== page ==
Namaste, you’ve been ripped off!
“If you gave saddhu (Indian holy man) just 1/10 of what you’re paying on your ‘tour’, the saddhu and his entire family would pray for you for the rest of his life! – Papu Singh
Indians have a humorous way of putting things.
Under the desert moon and with the Jaisalmer city walls as our backdrop, we got to know the Mali brothers (of Shahi Palace) better. The drinks were free and the laughter was flowing. But when the brothers had heard the predicament I was in with the tour, things turned towards a down note. Papu’s calculating mind raced ahead. $500 each? For a tour for one and a half weeks with only one driver? Were we western tourists really all that naive?
They explained how much things really cost in India and how much the company was profiting from us, by scraping quality.
- Squeezing three people into a room?
- Four people stuffed into one tiny Tata car?
- …And every shop, hotel and rest-station was an agent’s and driver’s commission.
- Worse, it was a tour itinerary we had already planned and the one big change to it was the driver.
When the Papu put it like that, I started to feel like a ridiculous western moron.
My question to them: Should we trust our driver?
They didn’t want to tell me the answer. Basically, the answer was yes and no. As friendly as Kul was, he’d still be working for an unsavory company, of which he was getting kickbacks from as well. The Mali brothers encouraged me to take action when I got back to Delhi and get off the tour if I didn’t like it.
I knew we had stepped into a scam, but how much, I had no idea. This was my first time to India and it was becoming a mess. It wasn’t the way I wanted to experience India. I compromised my trip out of friendship. But each day, I was finding the compromise more annoying and frustrating.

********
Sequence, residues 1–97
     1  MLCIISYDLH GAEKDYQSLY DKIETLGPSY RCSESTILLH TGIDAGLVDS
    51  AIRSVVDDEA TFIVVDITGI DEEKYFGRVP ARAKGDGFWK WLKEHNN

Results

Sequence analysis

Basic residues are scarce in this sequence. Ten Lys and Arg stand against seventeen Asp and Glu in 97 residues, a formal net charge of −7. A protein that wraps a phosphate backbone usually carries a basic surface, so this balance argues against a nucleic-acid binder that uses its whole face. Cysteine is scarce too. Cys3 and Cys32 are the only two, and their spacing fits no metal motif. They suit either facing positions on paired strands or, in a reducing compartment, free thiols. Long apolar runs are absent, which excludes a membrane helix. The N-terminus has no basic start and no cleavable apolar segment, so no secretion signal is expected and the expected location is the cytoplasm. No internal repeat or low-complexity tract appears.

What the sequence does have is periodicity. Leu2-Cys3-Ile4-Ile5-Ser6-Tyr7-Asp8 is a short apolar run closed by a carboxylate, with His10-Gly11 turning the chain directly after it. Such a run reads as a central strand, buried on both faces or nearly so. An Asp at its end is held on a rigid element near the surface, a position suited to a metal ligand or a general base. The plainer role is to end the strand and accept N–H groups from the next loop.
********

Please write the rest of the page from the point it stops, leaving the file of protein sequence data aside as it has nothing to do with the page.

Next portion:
Regina and I relayed the news to Margaret and Dan. They agreed to fight to get our money back and to get off the tour. We all made phone calls to our credit card companies to see what could be done. Perhaps we had a chance… Maybe I could change this trip into the one I’d always dreamed of. If I just trusted myself.
To make a long story short,…
How I became a solo traveler in India
Twenty minutes before we meeting with the tour agency folk in Delhi and three hours before our flight to Nepal, we were sitting in Connaught Place, waiting for the day to begin. The air was a thin crisp gray, a flock of birds were rummaging the sidewalks, a few taxis were out on the road. Moments were ticking away and we (my companions and I) needed to figure out how to face the tourist agency that had scammed us.
One of them went pink with panic claiming we all signed a contract!
(Well, not completely true. I didn’t sign any contract for our tour. Dan signed the contract, while the rest of us looked on. As the token male, he was the most eager to jump aboard a tour and assume the lead.)
And then the story changed. My friends intimated that I should pull together with them to make a united stand.
… For an upgraded tour!
Are you fucking kidding? More touristy shit? No way.
This was my first trip to India, a country I was excited to see and experience it. I wanted to ride on Indian trains more, discover local finds vs visit tourist souvenir commission shops. It was never my intention to see India from an ass-pinched seat in a tiny Tata car, with my nose pressed against the window. Or blow through India by hitting bullet points on a checklist. I wanted freedom to explore India, I wanted to go more local and I wasn’t liking that our driver was starting to get temperamental and moody when we went against his ‘suggestions’.
No upgraded tour for me.
I wanted off and now.
So then my friends laid it flat out to me : They were fine with staying on the tour. If I wanted to get a refund for myself, then we’d part ways and I’d have to negotiate that on my own.
Like that, a Solo Traveler was born!
What does a scam tour agency look like?
Tip: If you’re looking for the official India tourism office (it would probably look a little more well-kept). Asking a rickshaw driver to take you to the official tourism office will be shifty. You should have a written address and enforce that you want to go there.